Pakistan’s hospitals and morgues are overflowing due to a heat wave that has left the region in chaos. Pakistan temperatures this summer have ranged between 104 – 120 degrees Fahrenheit since the beginning of June, causing over 1,000 deaths so far, including zoo animals. Ramadan also coincided with the heat wave, but an exception has been issued from well-known Islamic clerks in the region such as Tahir Ashrafi, who cites the Quran as stating fasting can be abstained from due to health issues.
In Karachi, a region in Pakistan, the morgues are overflowing and bodies are being piled into the street. Many graves are left unmarked as the workers rush to dispose of the bodies as more pile in. Hundreds of deaths are reported every day. The Pakistani army has been deployed to help with relief efforts, providing bottles of water, medical trucks and facilities to help treat people. The appliance industry in Pakistan is running out of coolers and fans as they have all been purchased.
Pakistan hospitals and morgues are overflowing due to heat wave though the incoming monsoon season, which will start in the first week of July 2015, will bring relief from the scathing temperatures. Pressure from the citizens in the form of riots bring into question the weak infrastructure of the Pakistani government, and also to the continuing lethal combination of poverty and natural disasters. Lower income areas have been hit the worst; many drug addicts and homeless people were the first to die. This is actually not uncommon in the region, but this year was especially serious. Pakistan hospitals and morgues are literally overflowing due to this year’s heat wave.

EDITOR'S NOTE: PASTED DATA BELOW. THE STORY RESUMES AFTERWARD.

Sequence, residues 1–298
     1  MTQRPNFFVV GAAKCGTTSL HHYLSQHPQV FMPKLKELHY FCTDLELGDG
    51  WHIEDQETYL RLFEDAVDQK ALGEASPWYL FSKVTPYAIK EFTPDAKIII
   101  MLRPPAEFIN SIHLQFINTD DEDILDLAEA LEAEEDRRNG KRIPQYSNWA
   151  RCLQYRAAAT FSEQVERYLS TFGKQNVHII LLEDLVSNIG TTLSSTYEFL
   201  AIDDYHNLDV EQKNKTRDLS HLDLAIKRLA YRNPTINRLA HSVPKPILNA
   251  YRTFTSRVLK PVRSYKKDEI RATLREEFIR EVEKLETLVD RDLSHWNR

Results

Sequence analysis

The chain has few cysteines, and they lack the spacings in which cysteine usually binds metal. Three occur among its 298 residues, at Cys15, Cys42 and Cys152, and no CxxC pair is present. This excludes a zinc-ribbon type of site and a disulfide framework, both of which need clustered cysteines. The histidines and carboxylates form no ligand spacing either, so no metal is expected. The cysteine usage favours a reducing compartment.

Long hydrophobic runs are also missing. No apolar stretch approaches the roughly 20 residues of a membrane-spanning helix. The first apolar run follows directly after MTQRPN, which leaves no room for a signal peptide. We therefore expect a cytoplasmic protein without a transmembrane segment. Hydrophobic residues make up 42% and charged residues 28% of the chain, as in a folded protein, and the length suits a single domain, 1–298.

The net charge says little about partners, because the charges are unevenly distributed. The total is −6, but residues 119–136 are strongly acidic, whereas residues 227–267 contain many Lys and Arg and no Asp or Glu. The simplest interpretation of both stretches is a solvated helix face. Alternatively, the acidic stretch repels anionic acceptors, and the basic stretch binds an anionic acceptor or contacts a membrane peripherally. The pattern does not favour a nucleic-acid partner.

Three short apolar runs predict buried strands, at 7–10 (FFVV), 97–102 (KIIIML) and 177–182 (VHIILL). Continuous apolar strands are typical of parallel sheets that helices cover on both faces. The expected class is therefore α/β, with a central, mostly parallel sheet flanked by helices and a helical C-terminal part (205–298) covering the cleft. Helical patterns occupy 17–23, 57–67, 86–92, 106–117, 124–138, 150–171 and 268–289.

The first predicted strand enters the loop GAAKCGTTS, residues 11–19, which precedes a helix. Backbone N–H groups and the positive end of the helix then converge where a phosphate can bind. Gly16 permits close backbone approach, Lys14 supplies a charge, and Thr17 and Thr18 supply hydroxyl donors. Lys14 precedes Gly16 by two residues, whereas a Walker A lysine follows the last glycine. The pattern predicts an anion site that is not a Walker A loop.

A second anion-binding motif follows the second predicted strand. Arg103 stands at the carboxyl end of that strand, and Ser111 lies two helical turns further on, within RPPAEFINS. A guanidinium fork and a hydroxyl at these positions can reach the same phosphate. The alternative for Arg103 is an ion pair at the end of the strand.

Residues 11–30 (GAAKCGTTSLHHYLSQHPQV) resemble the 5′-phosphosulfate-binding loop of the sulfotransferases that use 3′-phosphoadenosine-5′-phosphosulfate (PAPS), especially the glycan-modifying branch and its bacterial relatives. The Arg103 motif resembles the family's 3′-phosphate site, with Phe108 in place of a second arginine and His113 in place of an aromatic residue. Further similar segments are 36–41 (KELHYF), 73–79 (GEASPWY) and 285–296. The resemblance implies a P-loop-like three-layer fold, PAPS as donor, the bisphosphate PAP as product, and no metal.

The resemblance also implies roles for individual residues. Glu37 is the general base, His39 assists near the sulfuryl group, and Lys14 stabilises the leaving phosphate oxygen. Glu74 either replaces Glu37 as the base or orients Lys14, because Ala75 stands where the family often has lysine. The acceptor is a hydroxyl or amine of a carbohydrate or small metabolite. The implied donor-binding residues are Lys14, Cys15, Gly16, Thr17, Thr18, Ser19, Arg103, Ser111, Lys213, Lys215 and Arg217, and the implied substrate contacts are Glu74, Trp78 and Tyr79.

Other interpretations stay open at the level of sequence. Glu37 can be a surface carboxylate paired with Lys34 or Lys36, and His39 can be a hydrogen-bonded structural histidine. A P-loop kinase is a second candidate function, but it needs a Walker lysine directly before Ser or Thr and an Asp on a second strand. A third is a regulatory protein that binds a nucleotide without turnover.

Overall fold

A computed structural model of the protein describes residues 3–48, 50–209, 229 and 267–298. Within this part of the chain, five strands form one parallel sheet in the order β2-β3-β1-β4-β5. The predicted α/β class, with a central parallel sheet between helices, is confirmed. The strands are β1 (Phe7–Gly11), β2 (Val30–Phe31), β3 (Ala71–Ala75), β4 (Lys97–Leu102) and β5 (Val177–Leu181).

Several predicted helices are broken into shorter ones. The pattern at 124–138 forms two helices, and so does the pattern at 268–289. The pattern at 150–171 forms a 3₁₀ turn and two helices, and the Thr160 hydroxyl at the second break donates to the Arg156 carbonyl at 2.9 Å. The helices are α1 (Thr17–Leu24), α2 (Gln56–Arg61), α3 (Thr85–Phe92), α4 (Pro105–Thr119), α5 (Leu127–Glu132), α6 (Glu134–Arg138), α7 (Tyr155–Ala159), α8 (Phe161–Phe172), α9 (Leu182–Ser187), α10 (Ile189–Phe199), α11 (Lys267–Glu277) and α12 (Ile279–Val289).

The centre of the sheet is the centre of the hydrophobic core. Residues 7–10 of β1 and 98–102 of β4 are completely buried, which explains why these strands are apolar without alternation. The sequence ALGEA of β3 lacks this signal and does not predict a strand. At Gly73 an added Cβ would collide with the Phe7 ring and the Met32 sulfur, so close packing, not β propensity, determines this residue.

Power outages and electricity cuts have further complicated matters. There have also been bouts of protesting in the streets in response to the lack of care taken to prevent the deaths by the government. The lack of climate tracking technology in the region has been cited as a reason the heat wave struck so swiftly and destructively. Global warming is also being blamed by politicians in the area, as temperatures in the region have been rising over the past few decades, but poverty and natural disasters are no strangers to this region and to many parts of the world.
Pakistan has been recognized internationally as a high-risk area for natural disasters, especially floods, and tsunamis, because of the poor infrastructure and rapidly increasing population. In the past 40 years, Pakistan has suffered increasingly from the region’s tendency towards monsoon and tsunami like weather, as well as droughts and heat waves. The World Bank and the DCRIP (Disaster and Climate Resilience Improvement Project) have approved millions of dollars to be given to the United States for the specific purpose of supporting the region’s government in the event of natural disasters.
The project will focus on making sure that the poorest people in the country will be protected due to adequate building requirements and smart usage of agriculture and reservoirs to control water flow. The project will also focus on helping the poor to escape from poverty by providing access to public programs and assistance. Punjab and Karachi, two regions often hit hardest by natural disasters, will be of chief concern for the project funded by the World Bank and DCRIP, which will work to prevent and reduce the high amount of deaths seen year after year. This past summer in Karachi, hospitals and morgues were overflowing from the high amount of deaths caused by the heat wave.
By Stephanie Butler
World bank: World bank approves US 125$ million to Combat Natural Disasters
CNN: Karachi heat wave: Unforgiving heat claims more lives
NY Times: Death Toll From Heat Wave in Pakistani Port of Karachi Hits 1,000
BBC: Pakistan heatwave: Death toll crosses 700 people in Sindh
Al Jazeera: Pakistan Heat Wave Death Toll soars past athousand
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